Rochelle Greayer

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Hey There! I’m Rochelle Greayer. I’m a garden designer on TV and IRL. I’m also an author and entrepreneur who thinks she can save the world by teaching everyone a little something about landscape design.

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11/26/2013

The Japanese Flower From Japan

Montauk daisies

That is literally what the Latin name Nipponanthemum nipponicum translates to in English. I would like to imagine that the botanists who named this plant has a wicked sense of humor. Latin name aside, this week’s plant is a new plant for me and one that I “discovered” after moving to coastal Maine. We live in East Bootbay, a block from the East Boothbay General Store. Right after we moved into our home in September of 2012, we took many trips to the General Store for breakfast until we got our home unpacked. I remember the first time we walked up to the store, I saw a plant that looked like a Pittosporum tobira, growing alongside of Route 96. This shrubby plant was about 3′ wide and tall. I immediately wanted to know what it was and whether or not it would be hardy in our USDA zone 6 climate.

I took a picture of the plant with my iPhone and showed it to my new co-workers at Coastal Maine Botanical Gardens. They immediately said it was a “Montauk daisy.” Soon thereafter, in early October, the plant at the General Store was covered with white, daisy flowers. What a tough and beautiful plant for an autumn display. I asked more folks why this plant was not used more here along the coast and they just shrugged their shoulders. “Maybe it is used too much around Cape Cod,” was one response. So maybe that was it; much like the overused red-tipped Photinia in the south, these daisies had fallen out of favor in coastal New England.

Nipponanthemum nipponicum

Well, I for one, think from a design standpoint, they are gorgeous plants. The large, rounded leaves along with the beautiful, white flowers make for a fantastic combination. Montauk daisy was one of the parents that horticultural legend Luther Burbank used to produce the famous Shasta daisy. He hybridized several daisies first, not achieving the plant he was hoping to get. After selecting some hybrids, he then crossed these with Nipponanthemum nipponicum. One of these crosses resulted in the Shasta daisy. Shasta daisies are nice but I recall them seeding around quite a bit when I lived in the south. Montauk daisy is more of a shrub form with smaller flowers than Shastas but still gorgeous. They are pretty tough plants, hardy from USDA zones 5-9 and tolerant of full-sun and drought once established.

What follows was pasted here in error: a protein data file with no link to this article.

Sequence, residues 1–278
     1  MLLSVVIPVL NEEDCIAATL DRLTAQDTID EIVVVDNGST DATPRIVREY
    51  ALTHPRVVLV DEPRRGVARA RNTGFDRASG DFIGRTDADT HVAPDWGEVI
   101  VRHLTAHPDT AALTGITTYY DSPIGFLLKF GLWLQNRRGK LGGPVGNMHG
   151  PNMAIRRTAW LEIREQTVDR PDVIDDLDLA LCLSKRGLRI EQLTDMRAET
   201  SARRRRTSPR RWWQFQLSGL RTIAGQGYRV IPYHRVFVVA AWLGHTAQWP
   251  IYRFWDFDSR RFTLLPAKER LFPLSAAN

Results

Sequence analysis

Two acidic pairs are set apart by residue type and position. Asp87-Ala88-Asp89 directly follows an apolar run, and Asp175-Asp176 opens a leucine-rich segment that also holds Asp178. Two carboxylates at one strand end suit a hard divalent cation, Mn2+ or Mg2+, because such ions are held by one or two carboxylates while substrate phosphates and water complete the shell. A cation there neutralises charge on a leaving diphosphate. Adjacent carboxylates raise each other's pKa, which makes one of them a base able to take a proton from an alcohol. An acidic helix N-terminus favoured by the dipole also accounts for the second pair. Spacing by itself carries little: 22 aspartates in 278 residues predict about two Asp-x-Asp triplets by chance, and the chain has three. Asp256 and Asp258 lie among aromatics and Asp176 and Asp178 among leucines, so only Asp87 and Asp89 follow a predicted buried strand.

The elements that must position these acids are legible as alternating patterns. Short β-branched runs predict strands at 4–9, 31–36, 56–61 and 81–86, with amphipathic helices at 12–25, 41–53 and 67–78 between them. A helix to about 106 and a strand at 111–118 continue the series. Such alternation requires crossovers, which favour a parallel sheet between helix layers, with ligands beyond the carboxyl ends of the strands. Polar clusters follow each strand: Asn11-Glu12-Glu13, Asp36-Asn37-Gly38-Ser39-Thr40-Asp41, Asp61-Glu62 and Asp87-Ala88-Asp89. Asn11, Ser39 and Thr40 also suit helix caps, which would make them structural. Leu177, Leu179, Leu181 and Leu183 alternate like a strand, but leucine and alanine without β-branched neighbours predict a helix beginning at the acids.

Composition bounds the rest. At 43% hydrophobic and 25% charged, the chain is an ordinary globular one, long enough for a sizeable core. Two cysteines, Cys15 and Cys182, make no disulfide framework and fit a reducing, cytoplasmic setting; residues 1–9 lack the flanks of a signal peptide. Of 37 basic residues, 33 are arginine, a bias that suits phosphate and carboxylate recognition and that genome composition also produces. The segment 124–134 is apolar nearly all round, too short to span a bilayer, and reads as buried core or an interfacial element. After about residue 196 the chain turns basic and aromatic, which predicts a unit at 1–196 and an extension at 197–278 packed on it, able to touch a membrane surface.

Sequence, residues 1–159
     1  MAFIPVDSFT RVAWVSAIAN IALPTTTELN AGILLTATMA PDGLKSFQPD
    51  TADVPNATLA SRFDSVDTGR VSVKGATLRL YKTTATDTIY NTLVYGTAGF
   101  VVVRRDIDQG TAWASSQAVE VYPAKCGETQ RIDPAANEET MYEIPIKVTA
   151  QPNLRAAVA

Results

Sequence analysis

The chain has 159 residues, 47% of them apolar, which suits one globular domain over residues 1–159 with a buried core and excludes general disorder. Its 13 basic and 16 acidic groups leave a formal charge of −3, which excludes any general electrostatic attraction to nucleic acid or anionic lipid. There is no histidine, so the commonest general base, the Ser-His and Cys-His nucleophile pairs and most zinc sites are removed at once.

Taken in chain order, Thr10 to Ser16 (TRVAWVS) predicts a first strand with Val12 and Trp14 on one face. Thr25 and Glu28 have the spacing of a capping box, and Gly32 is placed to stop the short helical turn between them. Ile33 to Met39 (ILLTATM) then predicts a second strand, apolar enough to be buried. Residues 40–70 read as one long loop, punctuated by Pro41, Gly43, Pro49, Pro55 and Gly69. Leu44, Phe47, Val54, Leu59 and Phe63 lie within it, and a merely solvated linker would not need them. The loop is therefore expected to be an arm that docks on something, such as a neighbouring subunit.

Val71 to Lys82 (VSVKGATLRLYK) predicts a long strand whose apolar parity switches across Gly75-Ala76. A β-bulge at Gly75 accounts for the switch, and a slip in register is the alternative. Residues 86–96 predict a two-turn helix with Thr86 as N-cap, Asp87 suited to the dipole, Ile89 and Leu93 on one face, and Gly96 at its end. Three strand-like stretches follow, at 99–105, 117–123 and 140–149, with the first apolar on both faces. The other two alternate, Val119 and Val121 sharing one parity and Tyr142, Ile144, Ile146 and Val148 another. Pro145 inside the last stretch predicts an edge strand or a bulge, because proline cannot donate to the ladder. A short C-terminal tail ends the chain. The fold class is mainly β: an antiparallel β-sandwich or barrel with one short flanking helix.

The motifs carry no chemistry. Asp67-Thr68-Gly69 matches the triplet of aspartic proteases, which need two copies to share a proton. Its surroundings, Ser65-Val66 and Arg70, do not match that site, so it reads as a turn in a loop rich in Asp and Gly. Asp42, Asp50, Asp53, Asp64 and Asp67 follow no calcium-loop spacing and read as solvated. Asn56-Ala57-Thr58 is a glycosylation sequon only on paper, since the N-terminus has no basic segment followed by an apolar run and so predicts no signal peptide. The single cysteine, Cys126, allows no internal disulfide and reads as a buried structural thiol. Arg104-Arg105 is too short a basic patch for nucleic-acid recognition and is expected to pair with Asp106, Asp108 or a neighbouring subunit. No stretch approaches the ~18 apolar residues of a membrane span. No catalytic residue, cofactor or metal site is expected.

When you see a Montauk daisy, what are your initial thoughts? As someone who never saw the plants until now, am I crazy for thinking that they are quite spectacular?

– Rodney

Images: Land Perspectives, A Garden For All

 

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  1. Debbie Feely

    November 26th, 2013 at 1:22 pm

    I wonder how these do in the heat? Shasta daisies wilt every day all summer.

  2. rodneyeason

    November 26th, 2013 at 6:14 pm

    Good question, Debbie. I never saw them in the south so I do not know.

  3. claire jones

    November 26th, 2013 at 6:34 pm

    Rochelle
    I love these Daisies and like you said they are quite unusual. I call them the Nippon Daisy and the foliage is wonderful and almost succulent like. It is not a well know plant.

  4. rodneyeason

    November 26th, 2013 at 6:38 pm

    Thanks, Claire!

  5. Richard Warner

    November 26th, 2013 at 3:34 pm

    Definitely not crazy. On the contrary, the Montauk is indeed spectacular. I love the structure of the plant and the foliage form. We’re very fond of daisies, and have Oxeye daisies all round our garden in summer, which have a very similar flower. Of course they’ve all gone for the winter now, so we scatter the sculpted daisies we make around instead to cheer up the garden until spring!

  6. rodneyeason

    November 26th, 2013 at 6:14 pm

    Good to know, Richard!

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